Chuck Bednarik, known as one of the all-time greatest tacklers, died Saturday at the age of 89. (John G. Zimmerman/Sports Illustrated)
It was a picture that defined a career.
The famous shot of Philadelphia Eagles star Chuck Bednarik celebrating with great vigor over the knocked-cold Frank Gifford in a 1960 game against the New York Giants at Yankee Stadium lives in football lore as an apt depiction of who Bednarik was as a player. It's often the only thing many fans know of him.
It shouldn't be.
You can start with his toughness. Not the kind people associate with the devastating hit he put on Gifford. No, he was the diesel engine, duct tape-type. A Paul Bunyan-esque man from Eastern Pennsylvania in cleats. That toughness was seen in World War II before it ever graced a college or pro football game.
Bednarik was a waist gunner on the B-24 bomber, participating in 30 missions over Germany. The "Liberators," as they were called, were some of the most dangerous planes to fly, or fly in, during the war. One can only imagine the 6-foot-3 Bednarik crouching down, trying to navigate through the plane's cramped catwalk with antiaircraft fire blasting everywhere around the hull. Bednarik earned an Air Medal, four Oak Leaf Clusters, four Battle Stars and the European Theater Operations Medal.
His reputation for being tough and hard-nosed as a football player grew after the war, when he enrolled at the University of Pennsylvania. A two-time All-American, Bednarik finished third in the Heisman voting in 1948 and ultimately had an award named after him. Since 1995, the Maxwell Club has presented the Chuck Bednarik Award to the top collegiate defensive player in the country.
Toughness and durability often go hand in hand, especially in 1950s-era pro football. "Concrete Charlie," as he came to be known, was all things durable, missing just three games in 14 seasons at center and linebacker, while generally being considered the last of the "two-way men." That meant he was playing both offense and defense during games. In the 1960 NFL championship, at the tender age of 35, Bednarik started at center and played linebacker for the Eagles. Totaling 58 minutes on the field, he made the final tackle of the game when he brought down Green Bay Packers fullback Jim Taylor to hand Philadelphia a 17-13 win and its last league title in franchise history.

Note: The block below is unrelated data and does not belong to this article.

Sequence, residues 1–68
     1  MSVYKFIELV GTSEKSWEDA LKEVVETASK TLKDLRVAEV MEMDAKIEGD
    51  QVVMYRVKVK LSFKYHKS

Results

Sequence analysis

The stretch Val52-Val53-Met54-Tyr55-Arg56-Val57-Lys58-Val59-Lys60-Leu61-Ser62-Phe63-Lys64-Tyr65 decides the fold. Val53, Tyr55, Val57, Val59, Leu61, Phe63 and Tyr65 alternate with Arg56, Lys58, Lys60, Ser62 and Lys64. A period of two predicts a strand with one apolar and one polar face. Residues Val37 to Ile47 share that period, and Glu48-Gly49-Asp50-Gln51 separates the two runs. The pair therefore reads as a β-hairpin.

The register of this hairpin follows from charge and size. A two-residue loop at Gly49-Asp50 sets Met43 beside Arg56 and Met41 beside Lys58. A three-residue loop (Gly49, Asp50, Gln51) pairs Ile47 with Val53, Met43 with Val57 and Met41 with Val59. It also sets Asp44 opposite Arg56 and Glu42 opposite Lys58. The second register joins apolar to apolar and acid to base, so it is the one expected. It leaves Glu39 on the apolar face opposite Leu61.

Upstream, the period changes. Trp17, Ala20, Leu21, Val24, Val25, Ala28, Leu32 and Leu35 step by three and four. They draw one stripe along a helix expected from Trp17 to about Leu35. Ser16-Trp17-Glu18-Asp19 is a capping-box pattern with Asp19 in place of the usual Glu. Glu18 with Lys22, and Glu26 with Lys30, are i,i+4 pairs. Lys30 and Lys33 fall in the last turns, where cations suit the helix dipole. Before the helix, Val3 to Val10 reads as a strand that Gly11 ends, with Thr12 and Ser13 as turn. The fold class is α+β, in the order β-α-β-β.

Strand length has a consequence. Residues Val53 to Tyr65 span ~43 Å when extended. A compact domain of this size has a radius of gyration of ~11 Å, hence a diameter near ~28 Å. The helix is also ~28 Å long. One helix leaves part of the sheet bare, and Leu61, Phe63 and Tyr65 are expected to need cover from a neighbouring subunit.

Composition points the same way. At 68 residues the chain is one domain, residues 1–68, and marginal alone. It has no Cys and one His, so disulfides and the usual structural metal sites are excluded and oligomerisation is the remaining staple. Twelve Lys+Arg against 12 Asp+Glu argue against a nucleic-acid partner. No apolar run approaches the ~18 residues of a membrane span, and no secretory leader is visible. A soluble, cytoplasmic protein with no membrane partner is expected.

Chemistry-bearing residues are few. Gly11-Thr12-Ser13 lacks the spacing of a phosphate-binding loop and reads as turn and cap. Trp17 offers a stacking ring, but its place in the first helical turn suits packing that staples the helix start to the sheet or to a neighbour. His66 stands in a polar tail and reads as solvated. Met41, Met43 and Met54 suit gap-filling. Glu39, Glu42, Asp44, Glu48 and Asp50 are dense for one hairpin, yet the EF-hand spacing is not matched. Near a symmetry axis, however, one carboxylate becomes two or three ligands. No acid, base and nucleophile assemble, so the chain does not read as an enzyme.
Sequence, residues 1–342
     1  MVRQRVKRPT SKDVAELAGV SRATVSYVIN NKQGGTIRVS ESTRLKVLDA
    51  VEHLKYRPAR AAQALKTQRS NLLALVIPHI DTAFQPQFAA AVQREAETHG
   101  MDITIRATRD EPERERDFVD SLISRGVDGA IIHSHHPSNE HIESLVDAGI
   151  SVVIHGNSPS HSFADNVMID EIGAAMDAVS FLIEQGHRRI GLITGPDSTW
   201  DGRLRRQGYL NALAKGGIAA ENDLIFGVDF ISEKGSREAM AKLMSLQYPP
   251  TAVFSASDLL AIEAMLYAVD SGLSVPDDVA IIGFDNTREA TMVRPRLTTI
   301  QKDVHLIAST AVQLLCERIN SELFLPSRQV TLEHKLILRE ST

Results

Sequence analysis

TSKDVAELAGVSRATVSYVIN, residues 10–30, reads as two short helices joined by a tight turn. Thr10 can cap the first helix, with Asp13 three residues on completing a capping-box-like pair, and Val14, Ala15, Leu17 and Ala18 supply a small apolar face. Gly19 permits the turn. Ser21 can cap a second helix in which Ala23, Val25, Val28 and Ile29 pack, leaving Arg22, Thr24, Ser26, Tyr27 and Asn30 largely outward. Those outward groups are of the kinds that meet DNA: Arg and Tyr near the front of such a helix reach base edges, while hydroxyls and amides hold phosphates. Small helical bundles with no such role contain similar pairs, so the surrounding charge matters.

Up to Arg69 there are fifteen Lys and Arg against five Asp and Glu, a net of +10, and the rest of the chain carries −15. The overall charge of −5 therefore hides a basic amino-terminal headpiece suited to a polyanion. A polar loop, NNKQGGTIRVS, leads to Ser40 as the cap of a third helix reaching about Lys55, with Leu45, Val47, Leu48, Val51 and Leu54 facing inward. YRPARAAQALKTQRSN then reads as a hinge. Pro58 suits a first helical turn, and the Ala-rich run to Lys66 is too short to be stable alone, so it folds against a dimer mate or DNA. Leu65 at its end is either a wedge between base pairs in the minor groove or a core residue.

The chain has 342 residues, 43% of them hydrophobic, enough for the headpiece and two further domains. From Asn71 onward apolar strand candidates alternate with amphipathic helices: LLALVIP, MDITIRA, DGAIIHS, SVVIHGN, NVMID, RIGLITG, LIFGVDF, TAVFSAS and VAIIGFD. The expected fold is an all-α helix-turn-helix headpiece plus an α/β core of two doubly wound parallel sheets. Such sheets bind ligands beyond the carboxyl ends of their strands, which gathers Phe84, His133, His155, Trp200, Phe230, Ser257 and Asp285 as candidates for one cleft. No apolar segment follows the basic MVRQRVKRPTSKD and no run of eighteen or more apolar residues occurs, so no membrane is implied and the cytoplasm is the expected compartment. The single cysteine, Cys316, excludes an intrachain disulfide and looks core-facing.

Unstoppable might be more apropos, because in his prime Bednarik was a tackling machine. After starting more than half of his rookie season (1949) at center and linebacker -- a year the Eagles won the NFL title -- Bednarik became a star, particularly on defense. He was named first-team All-Pro five straight seasons, and would go on to make eight Pro Bowls.
Call it an indictment of the prehistoric days of scouting, but Bednarik was the first top overall draft pick to be named an All-Pro, much less to the Pro Football Hall of Fame. He was also football's ultimate tough guy -- a father to five girls.
Perhaps most important to him, as with any great player, Bednarik wanted to win. He was an NFL champion twice: In his first year and in his 12th, playing both ways both seasons.
That is where the hit on Gifford truly comes into focus.
Bednarik's infamous football moment came at a critical time in a critical game. The Eagles and Giants were in a dogfight for the Eastern Division crown. Philadelphia came in at 6-1, New York at 5-1-1. Trailing 17-10 late in the game, the Giants were driving in the Eagles' territory. Gifford caught a key third-down pass and tried to cut across the field to get out of bounds.
The perfectly timed hit knocked Gifford to the ground and the ball loose. As Gifford lay unconscious, Eagles defender Chuck Weber jumped on the ball to preserve the win for Philly. Gifford would be carried off the field on a stretcher -- and ultimately miss the whole next season -- while the image of Bednarik towering over Gifford's fallen body, fist in the air, was shown in newspapers across the country.
It is, to this day, the most well-known tackle in NFL history. The photo of Bednarik's hit is as iconic as "The Catch" or the image of a bloodied and battered Y.A. Tittle in 1964.
It's easy to look at that photo and reach a conclusion of Bednarik as a player. But doing so is essentially developing an incomplete picture of him. Bednarik wasn't reveling in an opponent's injury, he was saying "this (expletive) game is over" because the play resulted in a timely turnover. What that image doesn't show is what happened afterward; he sent a basket of fruit and a card to Gifford in the hospital. The play, like any other in Bednarik's illustrious career, barely scratches the surface of his brilliant accomplishments in the pro game.
If we do need an image to define his career, however, perhaps a Mount Rushmore of the greatest pro football players of a bygone era would be more appropriate. To paraphrase another football legend, Bum Phillips, if Bednarik isn't in a class by himself, when that group he's among gets together, it won't take long to call roll.